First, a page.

Students now have an additional choice in their broad selection of leadership and community service clubs at CCHS – one with roots across six continents.
Interact club, a subproject of global network Rotary Club, “bring[s] together young people ages 12-18 to develop leadership skills,” according to its website. Individual Interact clubs, which are sponsored by their local Rotary clubs, are located across 159 countries, including France, Canada and Nepal.
Psychology and sociology teacher Steven Franzone decided to take on the club as the advisor after what he called “a positive experience” with Rotary Club years ago.
“Principal [Wendy Doll] put out a notice about Interact being involved with Rotary Club, and my dad was involved with Rotary when I was younger,” he said. “We had a foreign exchange student that came and lived with us through the Rotary Club, who sponsored it. I thought I would reach out and get involved.”
After establishing the CCHS chapter of Interact, Franzone was on the lookout for officers. Junior Paula Seraphim took an immediate interest in leadership for the newly formed organization after attending an interest meeting with a Rotary representative.
“[The representative] explained what the whole club was about, and talked about some amazing projects they worked on to bring relief all over the world,” she said. “Immediately, my friend and I knew we wanted to be involved.”
Now president, Seraphim and advisor Franzone have big plans for the chapter. While Interact clubs are required to complete at least two projects a year, CCHS’ Interact club is hoping to exceed that number. Among some of the projects proposed for this year are a zen garden on campus and volunteering at an animal shelter.
“Right now, we want to work on hurricane relief for Puerto Rico and hopefully some of the surrounding islands,” Franzone said. “We have a few more things in the works, and hopefully it just grows bigger and bigger from that.”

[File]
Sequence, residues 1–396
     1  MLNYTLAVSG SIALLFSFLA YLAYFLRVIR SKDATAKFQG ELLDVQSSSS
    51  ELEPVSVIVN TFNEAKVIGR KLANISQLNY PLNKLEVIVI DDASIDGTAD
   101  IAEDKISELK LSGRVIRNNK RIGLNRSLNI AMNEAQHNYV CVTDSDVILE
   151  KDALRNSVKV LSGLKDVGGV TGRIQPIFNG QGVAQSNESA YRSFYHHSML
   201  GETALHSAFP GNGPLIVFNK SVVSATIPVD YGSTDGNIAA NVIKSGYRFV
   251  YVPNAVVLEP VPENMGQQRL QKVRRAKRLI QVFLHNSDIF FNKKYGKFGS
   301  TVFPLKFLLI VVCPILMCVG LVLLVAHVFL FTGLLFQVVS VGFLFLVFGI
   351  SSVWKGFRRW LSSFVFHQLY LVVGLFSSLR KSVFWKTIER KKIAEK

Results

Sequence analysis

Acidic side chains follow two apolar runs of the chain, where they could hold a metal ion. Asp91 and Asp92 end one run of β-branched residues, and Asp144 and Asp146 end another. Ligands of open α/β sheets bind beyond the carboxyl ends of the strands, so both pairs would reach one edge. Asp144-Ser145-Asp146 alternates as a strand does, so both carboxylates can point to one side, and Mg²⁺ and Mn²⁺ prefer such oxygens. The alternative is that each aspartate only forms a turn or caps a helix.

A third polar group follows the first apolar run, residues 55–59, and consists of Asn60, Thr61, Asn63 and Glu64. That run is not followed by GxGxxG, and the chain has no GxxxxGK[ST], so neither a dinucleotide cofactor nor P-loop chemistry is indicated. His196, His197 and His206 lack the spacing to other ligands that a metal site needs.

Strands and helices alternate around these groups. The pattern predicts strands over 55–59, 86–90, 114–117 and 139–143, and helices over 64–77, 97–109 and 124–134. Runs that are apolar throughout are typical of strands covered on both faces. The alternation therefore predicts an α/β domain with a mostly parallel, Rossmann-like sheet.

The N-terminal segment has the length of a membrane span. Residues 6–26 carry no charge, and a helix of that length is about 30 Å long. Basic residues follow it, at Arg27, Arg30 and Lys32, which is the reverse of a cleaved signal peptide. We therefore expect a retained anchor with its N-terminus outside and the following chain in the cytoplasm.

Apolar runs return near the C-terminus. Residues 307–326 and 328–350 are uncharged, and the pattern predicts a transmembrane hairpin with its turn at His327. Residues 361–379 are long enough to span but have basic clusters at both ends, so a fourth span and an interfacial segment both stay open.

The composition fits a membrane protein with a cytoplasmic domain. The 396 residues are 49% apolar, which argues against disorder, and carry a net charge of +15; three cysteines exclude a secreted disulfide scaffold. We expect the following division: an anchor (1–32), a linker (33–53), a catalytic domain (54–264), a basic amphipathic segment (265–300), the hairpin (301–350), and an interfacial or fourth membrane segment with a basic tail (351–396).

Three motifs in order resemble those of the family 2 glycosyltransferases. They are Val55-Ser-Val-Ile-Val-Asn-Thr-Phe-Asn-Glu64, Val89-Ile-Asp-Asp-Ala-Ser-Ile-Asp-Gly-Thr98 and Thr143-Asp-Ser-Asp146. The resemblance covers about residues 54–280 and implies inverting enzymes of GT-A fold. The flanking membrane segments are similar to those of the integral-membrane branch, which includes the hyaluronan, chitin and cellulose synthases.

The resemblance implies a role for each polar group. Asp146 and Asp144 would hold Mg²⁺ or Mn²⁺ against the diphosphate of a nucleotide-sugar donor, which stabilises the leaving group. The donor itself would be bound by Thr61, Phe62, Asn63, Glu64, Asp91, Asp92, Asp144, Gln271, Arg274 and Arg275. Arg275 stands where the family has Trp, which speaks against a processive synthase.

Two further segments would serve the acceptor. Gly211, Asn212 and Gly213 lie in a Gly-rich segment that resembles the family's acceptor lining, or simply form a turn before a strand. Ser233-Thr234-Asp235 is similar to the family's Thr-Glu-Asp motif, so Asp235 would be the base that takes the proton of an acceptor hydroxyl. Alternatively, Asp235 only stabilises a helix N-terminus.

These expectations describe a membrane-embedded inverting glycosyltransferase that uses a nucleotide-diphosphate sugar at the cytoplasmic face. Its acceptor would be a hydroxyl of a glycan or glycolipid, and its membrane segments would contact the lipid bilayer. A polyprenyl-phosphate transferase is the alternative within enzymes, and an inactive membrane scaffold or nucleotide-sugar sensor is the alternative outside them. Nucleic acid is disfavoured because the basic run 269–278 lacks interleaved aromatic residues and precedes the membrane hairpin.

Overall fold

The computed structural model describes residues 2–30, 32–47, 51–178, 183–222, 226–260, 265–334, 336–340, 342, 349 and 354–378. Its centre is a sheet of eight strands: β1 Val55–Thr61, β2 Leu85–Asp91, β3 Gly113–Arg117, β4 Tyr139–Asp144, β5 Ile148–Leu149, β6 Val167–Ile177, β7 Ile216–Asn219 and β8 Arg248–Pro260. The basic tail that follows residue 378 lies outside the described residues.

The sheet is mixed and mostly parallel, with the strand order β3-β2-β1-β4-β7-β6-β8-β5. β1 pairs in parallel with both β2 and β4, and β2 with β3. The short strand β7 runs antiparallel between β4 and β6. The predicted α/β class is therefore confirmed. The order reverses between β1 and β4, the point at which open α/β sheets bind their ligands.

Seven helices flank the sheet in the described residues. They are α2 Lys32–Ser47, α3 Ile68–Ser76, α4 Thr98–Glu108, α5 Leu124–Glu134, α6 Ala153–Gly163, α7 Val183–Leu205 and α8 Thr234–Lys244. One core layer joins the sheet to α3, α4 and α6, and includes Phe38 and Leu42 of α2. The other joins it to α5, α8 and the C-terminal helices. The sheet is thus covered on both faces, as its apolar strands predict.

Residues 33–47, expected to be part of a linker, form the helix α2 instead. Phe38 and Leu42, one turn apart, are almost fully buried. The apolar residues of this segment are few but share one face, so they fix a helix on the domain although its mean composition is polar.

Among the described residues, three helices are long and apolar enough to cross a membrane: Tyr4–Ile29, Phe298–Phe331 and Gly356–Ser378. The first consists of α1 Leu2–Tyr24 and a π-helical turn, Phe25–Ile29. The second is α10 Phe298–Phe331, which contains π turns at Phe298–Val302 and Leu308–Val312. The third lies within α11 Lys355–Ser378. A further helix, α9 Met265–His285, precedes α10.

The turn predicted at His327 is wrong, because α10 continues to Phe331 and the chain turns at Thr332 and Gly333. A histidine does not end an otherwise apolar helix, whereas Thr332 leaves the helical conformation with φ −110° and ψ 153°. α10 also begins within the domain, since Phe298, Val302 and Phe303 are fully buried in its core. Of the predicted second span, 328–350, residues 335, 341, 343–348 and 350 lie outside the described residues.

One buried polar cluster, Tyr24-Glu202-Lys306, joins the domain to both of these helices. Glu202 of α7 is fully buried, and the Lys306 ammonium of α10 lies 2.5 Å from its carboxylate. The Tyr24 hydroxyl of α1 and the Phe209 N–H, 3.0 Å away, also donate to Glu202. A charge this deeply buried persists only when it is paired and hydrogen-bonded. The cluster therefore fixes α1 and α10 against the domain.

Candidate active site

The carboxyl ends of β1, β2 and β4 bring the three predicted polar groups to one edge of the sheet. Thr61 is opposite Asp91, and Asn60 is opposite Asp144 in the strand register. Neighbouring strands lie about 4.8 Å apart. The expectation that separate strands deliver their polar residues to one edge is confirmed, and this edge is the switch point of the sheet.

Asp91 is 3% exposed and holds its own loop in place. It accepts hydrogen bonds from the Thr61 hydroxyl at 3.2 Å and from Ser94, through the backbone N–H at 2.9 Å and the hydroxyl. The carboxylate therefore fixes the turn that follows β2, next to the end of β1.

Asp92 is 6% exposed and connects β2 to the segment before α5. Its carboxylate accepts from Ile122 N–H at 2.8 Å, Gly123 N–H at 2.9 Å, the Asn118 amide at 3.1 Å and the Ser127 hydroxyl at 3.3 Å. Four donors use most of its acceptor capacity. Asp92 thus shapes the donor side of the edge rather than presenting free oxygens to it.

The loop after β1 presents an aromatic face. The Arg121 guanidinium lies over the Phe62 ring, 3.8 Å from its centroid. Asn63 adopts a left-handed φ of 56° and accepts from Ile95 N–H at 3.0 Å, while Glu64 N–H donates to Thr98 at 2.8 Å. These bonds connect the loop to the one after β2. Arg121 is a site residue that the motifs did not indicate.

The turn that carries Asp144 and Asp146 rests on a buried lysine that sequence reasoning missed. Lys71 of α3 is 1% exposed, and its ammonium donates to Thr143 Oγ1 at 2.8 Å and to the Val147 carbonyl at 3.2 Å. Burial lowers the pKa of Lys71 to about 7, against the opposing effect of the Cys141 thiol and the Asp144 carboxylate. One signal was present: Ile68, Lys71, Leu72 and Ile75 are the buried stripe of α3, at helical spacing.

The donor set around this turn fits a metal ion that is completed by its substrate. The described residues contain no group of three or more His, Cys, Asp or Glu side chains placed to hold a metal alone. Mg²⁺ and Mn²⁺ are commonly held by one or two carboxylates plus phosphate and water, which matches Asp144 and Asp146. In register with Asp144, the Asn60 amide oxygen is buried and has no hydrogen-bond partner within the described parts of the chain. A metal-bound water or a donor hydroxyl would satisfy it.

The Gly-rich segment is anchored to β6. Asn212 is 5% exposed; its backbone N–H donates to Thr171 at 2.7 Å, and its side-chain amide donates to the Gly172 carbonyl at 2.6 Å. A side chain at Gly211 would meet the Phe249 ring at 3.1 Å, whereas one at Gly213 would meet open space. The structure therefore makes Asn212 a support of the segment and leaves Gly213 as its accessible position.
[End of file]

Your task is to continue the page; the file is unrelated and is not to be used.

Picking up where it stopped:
Attorney Tami Wolfe, director of the Davie-Cooper City Rotary, serves as a mentor for CCHS’ Interact club. She explained that while Interact will eventually grow to be independent, members of the local Rotary Club will always be available to help students with ambitious projects.
“We can offer advice or help to resolve any issues that arise,” she wrote. “We are in contact with other Rotarian groups in other countries so that when the Interact Club is working on an international project, we can facilitate the connection with Rotary in that part of the world to help the Interact Club complete their project […] Rotarians have valuable experience and information you can draw upon when needed.”
Despite the relative freedom Interact has, as a subunit of an international organization, they must answer to Rotary.
“Rotary discusses their plans for us as a region, and we also get to hear other chapter’s ideas and projects,” vice president of membership Lauren Nassi said.
Interact held its first official meeting on October 4, where its officer board introduced themselves and discussed dues, upcoming projects and volunteer opportunities.
Interact organizations have frequently been compared to Key Club, which is sponsored by the Kiwanis Club as opposed to Rotary Club. But while Key Club specializes in local service, Interact is meant to branch out internationally, far past the boundaries of Cooper City.
“Our projects go beyond the community and reach out on a global scale,” Seraphim said. “Rotary even has a partnership with an orphanage in Africa. Our club isn’t just about getting involved, but also about finding creativity and enthusiasm in the work we conduct.”
With Interact club just getting on its feet, outreach projects across the globe likely won’t make an appearance for a while. But the leadership of CCHS’ Interact club has plans to eventually do just that.
This chapter of Interact will join the ranks of over 20,000 other Interact clubs worldwide across dozens of nations, something its members take pride in.
“I do have high hopes for this club,” Nassi said. “The purpose of Interact is others in need locally and internationally.”
Featured photo by Casey Chapter